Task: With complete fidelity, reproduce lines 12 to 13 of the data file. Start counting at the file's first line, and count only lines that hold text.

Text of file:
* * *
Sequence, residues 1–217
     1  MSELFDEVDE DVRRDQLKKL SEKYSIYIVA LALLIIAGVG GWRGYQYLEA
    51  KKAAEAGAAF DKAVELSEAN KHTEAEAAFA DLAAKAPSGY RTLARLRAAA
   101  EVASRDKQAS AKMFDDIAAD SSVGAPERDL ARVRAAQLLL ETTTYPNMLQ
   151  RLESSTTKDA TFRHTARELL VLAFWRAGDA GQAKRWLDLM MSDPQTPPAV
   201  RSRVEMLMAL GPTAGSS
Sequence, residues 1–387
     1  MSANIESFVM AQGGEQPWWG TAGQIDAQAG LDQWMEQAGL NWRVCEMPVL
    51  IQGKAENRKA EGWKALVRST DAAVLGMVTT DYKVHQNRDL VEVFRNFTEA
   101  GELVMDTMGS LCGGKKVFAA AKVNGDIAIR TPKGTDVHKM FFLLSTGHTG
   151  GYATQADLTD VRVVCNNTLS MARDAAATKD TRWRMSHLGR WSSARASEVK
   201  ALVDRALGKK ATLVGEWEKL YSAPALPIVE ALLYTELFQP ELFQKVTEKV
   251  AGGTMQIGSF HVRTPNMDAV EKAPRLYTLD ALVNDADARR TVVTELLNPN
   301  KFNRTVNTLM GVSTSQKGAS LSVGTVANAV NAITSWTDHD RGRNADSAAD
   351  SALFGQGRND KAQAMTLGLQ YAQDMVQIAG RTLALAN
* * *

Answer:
   201  ALVDRALGKK ATLVGEWEKL YSAPALPIVE ALLYTELFQP ELFQKVTEKV
   251  AGGTMQIGSF HVRTPNMDAV EKAPRLYTLD ALVNDADARR TVVTELLNPN